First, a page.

Meet Mrs. Great Britain: Oxford Fellow & Human Rights Lawyer

Meet Mrs. Great Britain: Oxford Fellow & Human Rights Lawyer

Ana Nacvalovaite, a fellow in Oxford’s Kellogg College, is a full-time researcher of mutual and co-owned businesses. Courtesy photo

Professional and personally, Ana Nacvalovaite wears many hats. A successful human rights lawyer specializing in conflict prevention and resolution, she later studied at the University of Oxford, obtaining a DPhil, the Ph.D. equivalent in the UK, in the regulation of sovereign wealth funds.

Not only is Ana busy with research, but in the very little off-time she also competes in beauty pageants — and wins them.

It’s fair to say she’s quite busy. Most days it’s writing, researching, and working with sovereign wealth funds or institutional investors that consumes the time. The project she works on now as a fellow at Oxford University’s Kellogg College is an extensive one. It’s proposed to take years, and the topic isn’t well-researched in the academic field.

Ana talks about her research with a fierce determination. During some early stages of research, she developed ideas, often heard no from different people, groups or prospective partnering organizations, but the negation is what eventually led to formulating the real idea she is now pursuing.


Meet Mrs. Great Britain: Oxford Fellow & Human Rights Lawyer

Ana Nacvalovaite believes social equality and welfare only require more conversation

In late June, Ana will travel to the U.S. to compete in the Mrs. Globe pageant, having won the Mrs. Great Britain competition. Obvious stereotypes about pageantry overtake the bulk of conversation or viewpoints about it. People think pageants are all about image. Ana says it’s about much more than that, it’s about achievement and sisterhood and charity.

She seems very purposeful in what she calls her “great hobby.”

“The reason why I chose this pageant is it is modern. It’s okay to be widowed, it’s okay to be divorced, it is okay not to be married. But when you look at a pageant like Mrs. World, you have to be married.”

She says she is all for tradition. But she doesn’t agree with women who are divorced being excluded from the picture (“And … that’s my human rights lawyer coming out,” she laughs.)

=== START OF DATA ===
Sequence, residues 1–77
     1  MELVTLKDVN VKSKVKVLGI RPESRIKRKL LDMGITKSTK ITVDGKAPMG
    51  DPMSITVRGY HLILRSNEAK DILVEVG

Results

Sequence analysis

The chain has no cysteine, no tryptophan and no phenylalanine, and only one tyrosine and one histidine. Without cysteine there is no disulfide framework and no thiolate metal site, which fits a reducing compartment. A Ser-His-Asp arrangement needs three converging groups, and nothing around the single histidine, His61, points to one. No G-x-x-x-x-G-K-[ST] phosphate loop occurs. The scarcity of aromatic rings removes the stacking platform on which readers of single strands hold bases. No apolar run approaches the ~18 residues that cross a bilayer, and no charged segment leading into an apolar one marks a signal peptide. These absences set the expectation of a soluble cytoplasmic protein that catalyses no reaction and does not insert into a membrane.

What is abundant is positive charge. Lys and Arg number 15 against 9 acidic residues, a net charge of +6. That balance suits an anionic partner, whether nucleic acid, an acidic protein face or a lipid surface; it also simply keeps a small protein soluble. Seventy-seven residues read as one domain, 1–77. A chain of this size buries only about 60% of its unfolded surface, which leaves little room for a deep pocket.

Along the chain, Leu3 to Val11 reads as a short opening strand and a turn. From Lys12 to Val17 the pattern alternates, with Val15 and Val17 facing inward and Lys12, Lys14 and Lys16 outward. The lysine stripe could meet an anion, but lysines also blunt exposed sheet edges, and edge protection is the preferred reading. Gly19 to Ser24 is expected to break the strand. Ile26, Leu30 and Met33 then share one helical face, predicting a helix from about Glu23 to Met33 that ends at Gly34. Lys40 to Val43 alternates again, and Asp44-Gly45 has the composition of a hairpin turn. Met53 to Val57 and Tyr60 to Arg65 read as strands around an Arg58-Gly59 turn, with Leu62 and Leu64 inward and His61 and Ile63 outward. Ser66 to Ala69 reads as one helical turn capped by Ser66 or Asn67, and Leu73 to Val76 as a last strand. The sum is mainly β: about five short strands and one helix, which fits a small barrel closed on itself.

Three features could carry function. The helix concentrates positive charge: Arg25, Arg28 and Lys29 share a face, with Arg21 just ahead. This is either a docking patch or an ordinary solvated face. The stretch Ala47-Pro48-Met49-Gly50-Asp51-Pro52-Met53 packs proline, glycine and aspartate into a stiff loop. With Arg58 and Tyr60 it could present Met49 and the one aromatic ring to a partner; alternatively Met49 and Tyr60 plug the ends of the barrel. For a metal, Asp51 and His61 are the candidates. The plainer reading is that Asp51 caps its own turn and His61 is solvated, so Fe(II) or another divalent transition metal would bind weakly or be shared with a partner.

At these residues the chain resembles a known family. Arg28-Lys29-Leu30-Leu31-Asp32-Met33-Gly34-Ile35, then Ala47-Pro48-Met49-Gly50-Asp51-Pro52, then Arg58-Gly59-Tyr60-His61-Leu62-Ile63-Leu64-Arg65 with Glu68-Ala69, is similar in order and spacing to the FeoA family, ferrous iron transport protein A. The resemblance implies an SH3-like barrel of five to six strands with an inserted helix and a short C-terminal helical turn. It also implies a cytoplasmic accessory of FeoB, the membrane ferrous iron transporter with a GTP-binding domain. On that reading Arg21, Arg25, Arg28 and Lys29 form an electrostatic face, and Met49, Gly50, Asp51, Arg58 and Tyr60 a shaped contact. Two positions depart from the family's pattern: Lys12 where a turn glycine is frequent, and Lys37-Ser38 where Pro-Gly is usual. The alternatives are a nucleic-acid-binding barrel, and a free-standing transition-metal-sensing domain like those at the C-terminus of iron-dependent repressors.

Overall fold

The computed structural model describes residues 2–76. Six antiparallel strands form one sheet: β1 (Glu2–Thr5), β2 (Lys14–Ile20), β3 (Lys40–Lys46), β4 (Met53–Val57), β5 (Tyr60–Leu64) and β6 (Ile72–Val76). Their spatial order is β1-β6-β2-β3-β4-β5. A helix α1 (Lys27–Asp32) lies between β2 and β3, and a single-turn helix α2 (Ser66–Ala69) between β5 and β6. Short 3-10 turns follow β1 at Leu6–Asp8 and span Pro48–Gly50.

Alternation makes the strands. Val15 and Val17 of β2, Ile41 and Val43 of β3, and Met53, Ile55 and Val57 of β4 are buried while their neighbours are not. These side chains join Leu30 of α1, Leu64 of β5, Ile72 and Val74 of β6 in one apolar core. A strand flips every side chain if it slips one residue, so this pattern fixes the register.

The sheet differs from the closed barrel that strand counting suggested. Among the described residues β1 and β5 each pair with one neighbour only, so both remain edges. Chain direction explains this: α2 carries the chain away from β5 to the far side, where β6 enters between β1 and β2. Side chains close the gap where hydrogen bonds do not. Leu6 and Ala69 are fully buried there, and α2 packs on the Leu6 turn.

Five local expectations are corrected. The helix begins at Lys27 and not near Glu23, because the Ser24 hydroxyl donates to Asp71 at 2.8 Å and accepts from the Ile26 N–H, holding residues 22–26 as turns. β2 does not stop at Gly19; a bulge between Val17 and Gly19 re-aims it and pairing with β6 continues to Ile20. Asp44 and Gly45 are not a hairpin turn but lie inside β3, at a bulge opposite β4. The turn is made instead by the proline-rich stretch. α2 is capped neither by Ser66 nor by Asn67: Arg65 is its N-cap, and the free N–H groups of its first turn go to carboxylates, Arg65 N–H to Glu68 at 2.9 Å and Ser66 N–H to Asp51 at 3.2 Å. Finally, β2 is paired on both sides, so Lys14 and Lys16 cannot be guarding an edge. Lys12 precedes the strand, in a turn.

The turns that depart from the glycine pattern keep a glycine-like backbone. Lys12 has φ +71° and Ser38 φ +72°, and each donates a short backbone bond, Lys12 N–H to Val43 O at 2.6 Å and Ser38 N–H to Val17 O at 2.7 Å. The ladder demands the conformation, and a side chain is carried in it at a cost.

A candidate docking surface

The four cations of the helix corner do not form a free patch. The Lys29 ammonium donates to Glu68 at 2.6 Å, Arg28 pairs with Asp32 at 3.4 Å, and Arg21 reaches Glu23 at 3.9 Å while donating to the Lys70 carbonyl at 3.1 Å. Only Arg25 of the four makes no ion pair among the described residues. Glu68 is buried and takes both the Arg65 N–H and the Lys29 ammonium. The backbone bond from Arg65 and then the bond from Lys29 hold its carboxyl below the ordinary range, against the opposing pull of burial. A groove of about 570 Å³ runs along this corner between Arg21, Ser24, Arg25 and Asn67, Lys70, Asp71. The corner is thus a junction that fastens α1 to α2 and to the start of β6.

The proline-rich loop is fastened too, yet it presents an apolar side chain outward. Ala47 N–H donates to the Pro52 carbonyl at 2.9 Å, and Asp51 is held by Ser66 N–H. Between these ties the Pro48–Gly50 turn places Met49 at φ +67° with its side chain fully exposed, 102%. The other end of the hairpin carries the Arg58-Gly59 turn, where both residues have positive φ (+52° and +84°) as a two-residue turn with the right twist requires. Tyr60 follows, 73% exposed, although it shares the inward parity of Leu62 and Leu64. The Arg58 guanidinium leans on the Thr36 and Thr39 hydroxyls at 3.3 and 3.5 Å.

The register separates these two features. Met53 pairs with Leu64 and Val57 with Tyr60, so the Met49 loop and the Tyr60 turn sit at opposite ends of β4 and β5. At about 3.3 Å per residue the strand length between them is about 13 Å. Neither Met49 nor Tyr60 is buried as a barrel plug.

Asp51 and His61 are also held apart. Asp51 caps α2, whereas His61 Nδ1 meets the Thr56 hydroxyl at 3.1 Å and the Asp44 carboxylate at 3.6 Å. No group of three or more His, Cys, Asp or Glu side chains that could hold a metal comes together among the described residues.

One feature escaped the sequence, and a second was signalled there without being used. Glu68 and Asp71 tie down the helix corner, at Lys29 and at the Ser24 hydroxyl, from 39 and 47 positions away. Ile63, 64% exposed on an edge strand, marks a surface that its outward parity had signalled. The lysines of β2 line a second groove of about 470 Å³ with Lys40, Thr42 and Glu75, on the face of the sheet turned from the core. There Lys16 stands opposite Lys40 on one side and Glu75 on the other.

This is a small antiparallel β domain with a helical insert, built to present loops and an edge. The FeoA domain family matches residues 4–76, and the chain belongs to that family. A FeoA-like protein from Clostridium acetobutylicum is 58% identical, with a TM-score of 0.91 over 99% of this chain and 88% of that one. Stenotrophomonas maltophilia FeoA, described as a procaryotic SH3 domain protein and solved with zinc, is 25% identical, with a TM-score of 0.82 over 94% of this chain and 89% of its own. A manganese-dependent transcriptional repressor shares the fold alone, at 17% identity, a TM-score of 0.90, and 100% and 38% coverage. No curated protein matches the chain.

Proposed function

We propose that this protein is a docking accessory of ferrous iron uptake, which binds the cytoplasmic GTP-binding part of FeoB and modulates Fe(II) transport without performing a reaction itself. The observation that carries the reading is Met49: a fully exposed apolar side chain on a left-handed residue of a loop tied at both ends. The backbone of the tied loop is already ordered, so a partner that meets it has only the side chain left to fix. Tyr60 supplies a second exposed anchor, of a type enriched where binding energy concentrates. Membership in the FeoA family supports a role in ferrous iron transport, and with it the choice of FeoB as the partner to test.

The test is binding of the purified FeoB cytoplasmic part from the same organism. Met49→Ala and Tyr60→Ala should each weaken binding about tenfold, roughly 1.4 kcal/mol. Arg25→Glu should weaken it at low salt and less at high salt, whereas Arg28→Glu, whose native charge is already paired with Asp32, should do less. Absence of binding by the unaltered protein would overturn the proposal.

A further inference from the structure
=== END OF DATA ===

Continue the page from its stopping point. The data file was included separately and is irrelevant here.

Why pageantry?

“You know, it’s a number of women from all walks of life, having a wonderful sisterhood and enjoying a bit of beautiful clothes and a nice event, well why not?” she says.

She also chose Mrs. Globe specifically because the event tries to raise awareness for situations of domestic violence and helping communities and people afflicted by those circumstances – another area Ana is focused on advocating for.

Mrs. Globe delegates serve as brand ambassadors, and the pageant serves as the largest fundraiser for the W.I.N Foundation, a nonprofit that supports abuse recovery programs and provides emotional empowerment programs for women. The charity was started by a women named Dr. Tracy Kemble, who in 1996 won the pageant and then focused her efforts on working for and with victims of domestic violence.

“I’ve seen firsthand the devastating impact of domestic violence, on individuals, families and communities. I have also seen how the lack of access to finance and economic opportunities impact social inequality that contributes to a cycle of violence and poverty,” Ana says.


At Oxford’s Kellogg College, she’s researching alternative investment ideas. Essentially it is looking to create a vehicle for investing in socially responsible businesses in communities for generations to come. Ana is what you could say an expert in the S (meaning social) in ESG, the framework for understanding corporations’ impact on the environment, social and corporate governance.

As a human rights lawyer, naturally she was already involved in aspects pertaining to social welfare. But she continues to learn and ask questions about the sustainable development of communities, again outfitted in many hats to take on such a role.